One of my all-time favorite characters is James Bond. While refined and debonair, he was also more than capable of getting his hands dirty of the job called for it. I’ve watched all the movies several times at least and the character will always have a special place in my heart.
It’s so much so that the sole reason I want a Walther PPK is simply because Bond had one.
A lucky collector didn’t need to buy similar models, though. He had a number of the actual guns used by the actors who played Bond through the years.
Unfortunately, that use of the past tense is warranted. It seems they were recently stolen.
Police are appealing for information after five deactivated guns used in James Bond movies were stolen from a property in north London.
Officers were called to a property in Aldersbrook Avenue in Enfield at around 8pm on Monday to a report of a burglary.
Beretta “Cheetah” and Beretta “Tomcat” pistols from Die Another Day and the Walther PPK handgun used in A View to a Kill were reported to have been taken.
The other stolen weapons are understood to be a Revolver Smith and Wesson 44 Magnum featured in Live and Let Die and a Llama 22 calibre handgun from Die Another Day.
The suspects are described as three white males with Eastern European accents. The three fled the scene after neighbors reportedly being “disturbed” by neighbors.
As these are deactivated guns, there’s not much danger to the public represented by these thefts. Considering the value of these guns– £100,000 or over $122,000–it seems likely they weren’t targeted because they were guns, but because they were James Bond guns.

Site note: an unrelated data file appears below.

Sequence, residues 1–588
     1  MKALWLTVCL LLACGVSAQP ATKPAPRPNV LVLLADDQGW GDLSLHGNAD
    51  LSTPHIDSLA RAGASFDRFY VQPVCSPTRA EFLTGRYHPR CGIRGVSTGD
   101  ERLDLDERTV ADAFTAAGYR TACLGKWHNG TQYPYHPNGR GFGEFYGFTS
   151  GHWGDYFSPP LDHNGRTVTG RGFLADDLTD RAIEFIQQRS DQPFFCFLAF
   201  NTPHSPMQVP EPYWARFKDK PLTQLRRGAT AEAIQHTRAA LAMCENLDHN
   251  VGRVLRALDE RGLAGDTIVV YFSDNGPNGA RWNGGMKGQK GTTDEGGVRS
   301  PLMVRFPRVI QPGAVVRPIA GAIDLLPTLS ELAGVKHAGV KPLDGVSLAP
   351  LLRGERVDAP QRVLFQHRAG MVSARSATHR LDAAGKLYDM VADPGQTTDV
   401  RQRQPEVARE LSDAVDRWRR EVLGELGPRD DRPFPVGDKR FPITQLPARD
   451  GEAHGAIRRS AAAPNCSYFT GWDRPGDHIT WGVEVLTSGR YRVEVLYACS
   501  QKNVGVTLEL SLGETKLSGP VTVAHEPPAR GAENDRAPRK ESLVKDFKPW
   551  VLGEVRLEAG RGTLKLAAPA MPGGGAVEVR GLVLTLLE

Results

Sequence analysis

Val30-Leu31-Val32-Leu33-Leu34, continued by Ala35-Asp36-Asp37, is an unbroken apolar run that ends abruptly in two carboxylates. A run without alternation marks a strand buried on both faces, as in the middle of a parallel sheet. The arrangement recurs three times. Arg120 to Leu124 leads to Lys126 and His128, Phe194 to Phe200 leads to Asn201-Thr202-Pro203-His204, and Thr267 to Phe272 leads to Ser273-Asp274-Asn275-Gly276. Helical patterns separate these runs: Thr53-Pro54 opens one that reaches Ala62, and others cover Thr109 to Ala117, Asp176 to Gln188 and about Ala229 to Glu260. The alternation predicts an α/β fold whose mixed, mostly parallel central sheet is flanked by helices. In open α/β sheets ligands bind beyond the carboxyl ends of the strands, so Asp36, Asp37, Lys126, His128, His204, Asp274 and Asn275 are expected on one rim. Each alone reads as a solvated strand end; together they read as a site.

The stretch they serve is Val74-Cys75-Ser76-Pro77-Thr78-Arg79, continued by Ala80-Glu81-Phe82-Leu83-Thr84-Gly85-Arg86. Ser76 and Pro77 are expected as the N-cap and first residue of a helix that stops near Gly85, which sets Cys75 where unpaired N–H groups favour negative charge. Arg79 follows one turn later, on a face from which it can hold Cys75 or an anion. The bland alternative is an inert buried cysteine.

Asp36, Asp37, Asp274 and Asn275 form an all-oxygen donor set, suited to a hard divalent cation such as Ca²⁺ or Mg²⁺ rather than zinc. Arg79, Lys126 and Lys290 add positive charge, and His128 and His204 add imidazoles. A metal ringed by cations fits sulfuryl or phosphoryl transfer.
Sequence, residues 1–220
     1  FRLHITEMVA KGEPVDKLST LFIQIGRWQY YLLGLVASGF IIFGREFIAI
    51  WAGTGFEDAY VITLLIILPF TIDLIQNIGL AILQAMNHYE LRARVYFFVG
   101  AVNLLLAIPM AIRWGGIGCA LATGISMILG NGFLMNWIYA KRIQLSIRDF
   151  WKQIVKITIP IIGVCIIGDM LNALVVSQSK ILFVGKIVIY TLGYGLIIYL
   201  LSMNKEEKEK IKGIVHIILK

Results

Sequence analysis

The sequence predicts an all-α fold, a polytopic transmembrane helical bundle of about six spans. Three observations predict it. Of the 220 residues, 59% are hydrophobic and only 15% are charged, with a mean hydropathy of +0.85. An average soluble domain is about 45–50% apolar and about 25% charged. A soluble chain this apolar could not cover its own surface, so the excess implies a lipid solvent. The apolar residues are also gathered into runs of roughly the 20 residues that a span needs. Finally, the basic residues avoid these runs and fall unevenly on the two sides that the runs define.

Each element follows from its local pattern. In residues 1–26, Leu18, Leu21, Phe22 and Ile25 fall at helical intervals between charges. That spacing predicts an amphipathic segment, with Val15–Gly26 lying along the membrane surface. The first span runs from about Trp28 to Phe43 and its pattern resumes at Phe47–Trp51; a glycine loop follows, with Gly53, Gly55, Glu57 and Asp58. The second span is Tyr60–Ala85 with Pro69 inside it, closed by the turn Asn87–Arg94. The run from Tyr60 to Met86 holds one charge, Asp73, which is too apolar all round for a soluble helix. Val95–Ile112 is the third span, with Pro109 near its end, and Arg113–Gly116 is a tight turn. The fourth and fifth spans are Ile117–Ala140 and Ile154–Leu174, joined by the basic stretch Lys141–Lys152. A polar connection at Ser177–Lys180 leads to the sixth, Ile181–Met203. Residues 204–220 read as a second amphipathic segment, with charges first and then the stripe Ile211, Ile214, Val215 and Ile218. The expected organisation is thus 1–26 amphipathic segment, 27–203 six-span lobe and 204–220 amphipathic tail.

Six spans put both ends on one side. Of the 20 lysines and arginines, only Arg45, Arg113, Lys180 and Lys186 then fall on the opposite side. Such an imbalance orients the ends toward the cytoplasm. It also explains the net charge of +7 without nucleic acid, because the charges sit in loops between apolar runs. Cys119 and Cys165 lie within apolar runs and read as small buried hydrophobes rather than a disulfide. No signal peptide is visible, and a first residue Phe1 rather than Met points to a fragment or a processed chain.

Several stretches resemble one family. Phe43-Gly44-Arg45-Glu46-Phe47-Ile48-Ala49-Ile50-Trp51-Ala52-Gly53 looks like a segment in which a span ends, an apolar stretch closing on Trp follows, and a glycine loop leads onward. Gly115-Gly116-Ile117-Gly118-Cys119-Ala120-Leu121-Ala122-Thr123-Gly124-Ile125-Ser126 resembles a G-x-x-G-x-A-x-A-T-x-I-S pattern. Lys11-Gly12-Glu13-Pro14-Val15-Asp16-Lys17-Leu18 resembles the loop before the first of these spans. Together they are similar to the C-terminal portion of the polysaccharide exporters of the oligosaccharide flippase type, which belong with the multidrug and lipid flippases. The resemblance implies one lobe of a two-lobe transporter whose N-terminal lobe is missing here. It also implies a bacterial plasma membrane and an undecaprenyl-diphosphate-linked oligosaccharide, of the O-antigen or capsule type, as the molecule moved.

Movie props are popular items for collection with some of them going for millions of dollars. Others are far more affordable. Deactivated firearms used in such high-profile movies, particularly such iconic guns for an iconic character, are likely to find themselves on the upper end of the spectrum. Enough so that there will be black market buyers for such items.
Of course, that’s if they get away with it.
Because of the value of these items and the fact that they’re such relatively high-profile items, it’s unlikely that the hunt for this is going to just come to an end. The items will likely be recovered and all parties arrested.
However, these are also professional criminals, most likely. They don’t commit crimes unless they’re worth the risk of spending time in prison, but they also don’t take stupid chances either. That’s going to make it harder for authorities to track them down.
To be quite honest, I really want to follow this investigation all the way through. It’s bound to be grounds for a movie all its own.
Meanwhile, though, England has plenty of actual, functional guns floating around in criminal hands that had nothing to do with movies all while the law-abiding only get to have guns in their homes if they’re deactivated movie props or something similar. It’s absolutely ridiculous.